How can you prevent cavities and stay out of the dentist’s chair?
Find out with these healthy teeth facts.
No one likes to visit the dentist’s office for a cavity. Since childhood we learn to believe that the dentist’s office is a scary place, and the thing we ought to be the most afraid of is cavity fillings. Horror stories of the dentist’s drill abound in popular culture–appearing in movies, TV shows, cartoons, and even stories that parents tell their children.
While these stories are exaggerated, and modern dentists are hardly anything to be afraid of, you still don’t want to get a cavity. Cavities are painful, and repairing them can be time-consuming and expensive. Having said that, if you never get a cavity, you wouldn’t need to worry when you put yourself in the good hands of Penn Dental Family Practice.
Here, we give you suggestions for how to avoid them in the first place with these healthy teeth facts.
Avoid Cavities with 4 Healthy Teeth Facts
- Cavities are the result of acid attacks on teeth. As you consume food and drink, especially food and drink high in sugars and starches, the acids leach minerals from the teeth. If a tooth loses too many natural minerals, the enamel becomes damaged, and a cavity can develop.
- Fluoride can help repair enamel on teeth. The chemical fluoride is present in many toothpastes, drinking water, and in a concentrated form at many dentist’s offices. Fluoride aids in the reparation process of your enamel. The element itself helps replenish minerals in enamel, but it also reduces the ability of bacteria in your mouth to produce acid.
Bonus healthy tooth fact: over 75% of community water supplies in the US are already fluoridated.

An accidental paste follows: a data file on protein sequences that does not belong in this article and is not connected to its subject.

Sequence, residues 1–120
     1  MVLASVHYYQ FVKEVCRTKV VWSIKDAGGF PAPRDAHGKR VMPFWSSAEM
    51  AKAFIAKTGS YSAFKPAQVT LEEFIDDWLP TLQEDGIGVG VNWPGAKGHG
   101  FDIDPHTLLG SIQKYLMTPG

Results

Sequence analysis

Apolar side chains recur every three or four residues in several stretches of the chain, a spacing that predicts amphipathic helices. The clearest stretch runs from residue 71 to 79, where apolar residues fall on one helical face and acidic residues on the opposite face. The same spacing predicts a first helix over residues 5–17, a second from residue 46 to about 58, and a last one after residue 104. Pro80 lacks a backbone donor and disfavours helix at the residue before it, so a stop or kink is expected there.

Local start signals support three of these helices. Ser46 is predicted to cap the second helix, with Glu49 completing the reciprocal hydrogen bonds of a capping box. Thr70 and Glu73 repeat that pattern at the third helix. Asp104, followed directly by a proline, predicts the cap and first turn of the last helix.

- Diet is extremely important in preventing cavities. Because the bacteria that live in your mouth help you to digest different foods differently, what you put in your mouth can change the composition of your saliva and what those bacteria produce. In particular, sugary foods cause your mouth bacteria to produce more acid than usual. Repeated consumption of sugary food can cause multiple cycles of acid in your mouth, repeatedly wearing down the enamel. It should come as no surprise that avoiding sugary foods can help keep you healthy by giving your teeth time to rest and recover their enamel.
- Sealants can help prevent cavities. Many dentists use a thin plastic coating across the teeth to prevent acid from reaching the teeth and creating a protective covering. Because the back teeth are pitted and grooved, food can become trapped in there for a long time, creating acid from interactions with bacteria for as long as it is trapped. If the back teeth are sealed, food trapped in the back teeth is relatively harmless. Many dentists recommend getting those teeth sealed as soon as they come in for young patients.
Knowing the facts to keep your teeth healthy can give you the edge in preventing cavities in you or your children. If you are worried about cavities and think that you might need some dental supervision beyond these tips, give Penn Dental Family Practice a call at 215-898-PDFP